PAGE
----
Movies: "Admission" | Arts & Culture

Title (Max 100 Characters)

Movies: "Admission"
Movies: "Admission"

 

Unlike most of the rest of the country, I went to see “Admission.” 

 

That is because the movie is set at Princeton University, my (ahem) alma mater.  In this, I was not disappointed.  The scenes of the sun-dappled campus, an appearance by the A capella group The Nassoons, and the sense that this is a truly place where really bright students study really great stuff were all pleasing.  

 

Unfortunately, the movie was not so much.

 

Tina Fey plays Portia, an admissions associate at Princeton, currently in a long-term relationship with Mark (Michael Sheen, David Frost in “Frost/Nixon”), an English professor who keeps calling her a “good doggie” and patting her head.  How long can this one last?  

 

When she visits a hippie school in New Hampshire to make her presentation, she meets two people who will change her life:  school director John Pressman (Paul Rudd) and his star pupil, Jeremiah (Nat Wolff), a brilliant, somewhat off-base kid, who just may be the child Portia gave up for adoption when she got pregnant in college.  Following her presentation, Jeremiah fervently decides to apply to Princeton.

 

You can probably guess which way all this is heading.  But there are a few detours along the way.  For one, we have Portia’s mother (the great Lily Tomlin), who lives close to John’s school and has her own views on male-female relationships.  And there’s a talented young newcomer (Travaris Spears) as John’s adopted son, a sixth grader at the school with a world of insight.  And don’t count out Wallace Shawn as Portia’s Princeton boss, or Olek Krupa, who has played an infinite number of Russkies on TV, as the literature professor whose recommendation could determine Jeremiah’s admission to Old Nassau.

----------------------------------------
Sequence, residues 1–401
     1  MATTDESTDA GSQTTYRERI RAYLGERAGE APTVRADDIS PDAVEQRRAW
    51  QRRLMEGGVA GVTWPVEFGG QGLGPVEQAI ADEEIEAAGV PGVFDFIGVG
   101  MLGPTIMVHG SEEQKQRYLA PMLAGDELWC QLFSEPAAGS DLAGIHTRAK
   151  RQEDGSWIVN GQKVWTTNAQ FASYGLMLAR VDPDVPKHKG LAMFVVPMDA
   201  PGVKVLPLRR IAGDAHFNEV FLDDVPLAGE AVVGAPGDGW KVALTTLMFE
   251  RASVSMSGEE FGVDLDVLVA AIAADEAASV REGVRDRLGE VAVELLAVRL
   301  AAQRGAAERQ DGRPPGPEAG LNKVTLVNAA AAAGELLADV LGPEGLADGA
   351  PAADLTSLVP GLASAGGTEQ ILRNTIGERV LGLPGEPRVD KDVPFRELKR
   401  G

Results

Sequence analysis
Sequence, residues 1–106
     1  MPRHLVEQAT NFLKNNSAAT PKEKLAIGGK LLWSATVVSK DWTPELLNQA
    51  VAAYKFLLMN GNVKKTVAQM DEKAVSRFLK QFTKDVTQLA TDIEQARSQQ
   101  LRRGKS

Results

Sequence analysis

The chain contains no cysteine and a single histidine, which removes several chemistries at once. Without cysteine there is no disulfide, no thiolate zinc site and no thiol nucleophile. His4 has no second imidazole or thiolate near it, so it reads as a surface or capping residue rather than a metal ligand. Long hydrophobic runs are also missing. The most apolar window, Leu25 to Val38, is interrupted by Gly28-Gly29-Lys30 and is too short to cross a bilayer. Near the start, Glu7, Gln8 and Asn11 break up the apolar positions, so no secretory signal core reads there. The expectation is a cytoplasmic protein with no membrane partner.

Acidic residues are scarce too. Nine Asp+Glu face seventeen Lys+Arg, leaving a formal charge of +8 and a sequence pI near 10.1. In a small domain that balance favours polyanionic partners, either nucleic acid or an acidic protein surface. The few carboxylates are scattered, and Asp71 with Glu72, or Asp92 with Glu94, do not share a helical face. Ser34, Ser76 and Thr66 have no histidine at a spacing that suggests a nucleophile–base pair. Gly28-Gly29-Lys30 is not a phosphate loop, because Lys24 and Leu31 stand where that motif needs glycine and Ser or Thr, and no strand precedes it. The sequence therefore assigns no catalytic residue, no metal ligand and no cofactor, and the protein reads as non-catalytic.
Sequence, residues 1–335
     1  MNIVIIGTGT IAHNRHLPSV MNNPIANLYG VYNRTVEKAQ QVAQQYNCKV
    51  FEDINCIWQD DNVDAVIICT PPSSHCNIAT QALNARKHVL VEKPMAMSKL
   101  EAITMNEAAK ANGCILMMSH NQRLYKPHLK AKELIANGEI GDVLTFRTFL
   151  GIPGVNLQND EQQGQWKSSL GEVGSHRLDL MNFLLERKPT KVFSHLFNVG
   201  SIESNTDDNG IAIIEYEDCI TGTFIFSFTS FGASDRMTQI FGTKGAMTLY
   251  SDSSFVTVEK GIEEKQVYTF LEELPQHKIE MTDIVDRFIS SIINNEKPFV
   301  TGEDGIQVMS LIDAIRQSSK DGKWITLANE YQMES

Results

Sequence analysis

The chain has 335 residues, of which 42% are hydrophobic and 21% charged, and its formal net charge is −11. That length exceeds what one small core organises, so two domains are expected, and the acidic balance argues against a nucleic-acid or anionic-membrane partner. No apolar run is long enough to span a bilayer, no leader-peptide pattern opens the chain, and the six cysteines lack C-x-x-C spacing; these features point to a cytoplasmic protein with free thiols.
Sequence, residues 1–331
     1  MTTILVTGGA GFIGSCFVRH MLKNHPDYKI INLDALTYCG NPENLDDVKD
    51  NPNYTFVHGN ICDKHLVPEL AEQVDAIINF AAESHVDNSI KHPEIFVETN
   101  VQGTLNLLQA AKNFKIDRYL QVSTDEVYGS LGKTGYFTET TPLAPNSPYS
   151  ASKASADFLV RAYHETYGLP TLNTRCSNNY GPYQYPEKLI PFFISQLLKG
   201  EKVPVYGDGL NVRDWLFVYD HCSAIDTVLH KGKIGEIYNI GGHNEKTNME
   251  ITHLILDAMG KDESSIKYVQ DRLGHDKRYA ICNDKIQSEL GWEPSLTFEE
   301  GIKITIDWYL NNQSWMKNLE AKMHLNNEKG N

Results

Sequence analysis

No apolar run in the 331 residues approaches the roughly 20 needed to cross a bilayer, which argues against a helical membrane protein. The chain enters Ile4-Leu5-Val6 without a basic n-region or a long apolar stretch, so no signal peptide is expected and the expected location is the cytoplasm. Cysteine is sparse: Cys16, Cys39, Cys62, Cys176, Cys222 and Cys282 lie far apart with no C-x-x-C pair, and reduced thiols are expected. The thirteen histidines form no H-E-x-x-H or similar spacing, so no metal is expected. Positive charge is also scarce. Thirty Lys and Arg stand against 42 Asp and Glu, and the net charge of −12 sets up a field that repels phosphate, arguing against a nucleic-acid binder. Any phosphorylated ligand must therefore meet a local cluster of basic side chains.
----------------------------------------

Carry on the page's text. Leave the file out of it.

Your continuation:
So what’s the problem here?  A large part of it is Portia herself.  Fey plays her part much the same desperate way we know her as Liz Lemon, but with no energetic Jack Donaghy to bolster that helplessness, it leaves her twisting in the wind.  Paul Rudd is appealing, but his eco-conscious do-gooder is no match for Tina Fey’s floundering character.

 

That leaves us with Lily Tomlin, Wallace Shawn and the kids, all of whom do a terrific job.  But that’s just not enough to sustain this well-intentioned comedy.

 

“Admission” was directed by Paul Weitz, whose credits range from “About a Boy” to “American Pie.”  The script is by Karen Croner (“Cold Sassy Tree”), based on a novel by Jean Hanff Korelitz, who currently lives in Princeton.  The meat-and potatoes cinematography is by Declan Quinn (“28 Days”) and the wimpy new-wave music was scored by Stephen Trask, with cuts from Future People and Vassy.

 

It’s a heart-felt movie, but lacks any real energy.  “Admission” is rated PG-13 for language and some low-key sexual stuff. 

 

I give it a C.

Bethel Businesses